Key Facts & Summary:
- The Corwin Amendment also referred to as the Slavery Amendment of 1861, was a constitutional amendment passed by Congress but never ratified by the states.
- The primary objective of the amendment was to prevent the federal government from ever abolishing slavery in states where it existed at the time.
- It was hoped that the amendment would pacify states yet to cede from the Union and avert a Civil War already in the offing.
Upon Abraham’s Lincoln successful election to the Presidency in 1860, seven slaveholding states beginning with South Carolina seceded from the Union, owing to the President’s elect opposition to the institution of slavery. The states formed the Independent Confederate States of America. This was during the 16 weeks between Lincoln’s election on 6 November 1860, and his inauguration on 4 March 1861.
President James Buchanan, who was still in office at the time, pending Lincoln’s inauguration, assured the southerners that the incoming Republican President would not undermine their slave property. He, therefore, asked Congress to draft what he referred to as an “explanatory amendment” to the Constitution that would explicitly recognise state rights to allow slavery.
In response to the President’s request, a thirty-three-member committee of House of Representative under the leadership of Representative Thomas Corwin of Ohio prepared a draft and presented it to the house. The amendment would deny Congress “the power to abolish or interfere, within any State, with the domestic institutions thereof, including that of persons held to labour or service by the laws of said State.”
The amendment, designated Joint Resolution No. 80, by a vote of 133 to 65 in the House of Representatives and 24 to 12 in the Senate on 28th February and 2 March 1861 respectively. It realised the two-thirds majority requirement, despite the seven states that had already taken a decision to cede, not voting.
President Buchanan signed the amendment, even though Presidential signature or assent was not a requirement for joint resolutions such as the amendment. He hoped that his signature would help secure the support of the southern states in the ratification of the amendment. President Lincoln did not oppose the amendment once he took office, but also did not give it his specific support and transmitted the amendment to the states for their ratification. Only Ohio and Maryland followed by Kentucky, Rhode Island, and Illinois ratified it. Ohio and Maryland rescinded their actions in 1864 and 2014 respectively.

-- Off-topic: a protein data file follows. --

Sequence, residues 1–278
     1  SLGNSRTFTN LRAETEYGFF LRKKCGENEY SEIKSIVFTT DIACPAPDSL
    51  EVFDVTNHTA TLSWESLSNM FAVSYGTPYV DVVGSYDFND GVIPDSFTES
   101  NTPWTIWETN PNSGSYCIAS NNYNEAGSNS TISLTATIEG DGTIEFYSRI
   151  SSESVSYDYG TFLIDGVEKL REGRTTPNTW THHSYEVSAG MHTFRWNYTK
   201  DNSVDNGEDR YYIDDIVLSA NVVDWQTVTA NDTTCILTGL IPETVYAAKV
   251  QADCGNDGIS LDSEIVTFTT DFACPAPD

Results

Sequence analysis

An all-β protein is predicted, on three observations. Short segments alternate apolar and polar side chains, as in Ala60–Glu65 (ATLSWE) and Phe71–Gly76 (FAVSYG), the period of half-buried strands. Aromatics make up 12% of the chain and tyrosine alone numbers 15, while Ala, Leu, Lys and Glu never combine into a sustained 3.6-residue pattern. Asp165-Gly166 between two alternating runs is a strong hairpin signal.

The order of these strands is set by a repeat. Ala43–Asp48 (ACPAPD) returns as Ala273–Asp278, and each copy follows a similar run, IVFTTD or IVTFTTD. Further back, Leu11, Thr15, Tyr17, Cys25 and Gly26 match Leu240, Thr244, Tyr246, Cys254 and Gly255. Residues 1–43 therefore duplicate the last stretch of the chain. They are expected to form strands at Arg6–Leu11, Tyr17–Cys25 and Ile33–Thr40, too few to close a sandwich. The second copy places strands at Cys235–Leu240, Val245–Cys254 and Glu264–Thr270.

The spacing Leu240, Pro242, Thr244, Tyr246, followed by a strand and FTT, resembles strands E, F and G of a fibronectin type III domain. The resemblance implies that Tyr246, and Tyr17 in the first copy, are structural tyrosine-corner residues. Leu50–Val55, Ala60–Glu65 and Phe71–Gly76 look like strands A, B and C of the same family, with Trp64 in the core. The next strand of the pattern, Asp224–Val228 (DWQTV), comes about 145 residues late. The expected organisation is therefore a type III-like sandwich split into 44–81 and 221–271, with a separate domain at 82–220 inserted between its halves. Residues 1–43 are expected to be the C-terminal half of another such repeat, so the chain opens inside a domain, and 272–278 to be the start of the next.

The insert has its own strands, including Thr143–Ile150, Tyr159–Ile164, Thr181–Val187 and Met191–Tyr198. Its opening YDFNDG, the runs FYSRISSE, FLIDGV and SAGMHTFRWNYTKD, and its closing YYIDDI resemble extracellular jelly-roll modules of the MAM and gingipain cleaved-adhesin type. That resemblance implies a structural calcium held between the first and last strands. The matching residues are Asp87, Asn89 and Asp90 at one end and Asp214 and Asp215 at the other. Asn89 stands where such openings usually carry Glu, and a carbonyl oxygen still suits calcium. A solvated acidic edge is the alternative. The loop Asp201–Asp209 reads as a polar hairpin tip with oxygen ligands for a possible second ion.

The resolution had provided that the amendment would be made part of the constitution, upon its ratification by three-fourths of the states. It further placed no time limit on the ratification process, incidentally meaning that even on this day, it can still be ratified by the states. However, such a move would be entirely out of tune with the dynamics of present-day America.
Had the amendment been ratified by the states before the Civil War and the Emancipation Proclamation, it would have in a twisted turn of history been the Thirteenth Amendment protecting slavery, as opposed to the present day Thirteenth Amendment abolishing it.
However, the amendment failed because the south did not trust the north, after decades of hostilities and debates concerning slavery. Especially as the northern states were restricting slavery in the western states and their refusal to admit new slaveholding states into the Union. It was a too little too late kind of political manoeuvre.
In a letter to Horace Greeley, Lincoln explained his reasons behind supporting the amendment as well as his position on slavery. He states,
“My paramount object in this struggle is to save the Union and is not either to save or to destroy slavery. If I could save the Union without freeing any slave I would do it, and if I could save it by freeing all the slaves I would do it; and if I could save it by freeing some and leaving others alone, I would also do that. What I do about slavery, and the coloured race, I do because I believe it helps to save the Union; and what I forbear, I forbear because I do not believe it would help to save the Union. I shall do less whenever I shall believe what I am doing hurts the cause, and I shall do more whenever I shall believe doing more will help the cause. I shall try to correct errors when shown to be errors, and I shall adopt new views so fast as they shall appear to be true views.”
“I have here stated my purpose according to my view of official duty; I intend no modification of my oft-expressed personal wish that all men everywhere could be free.”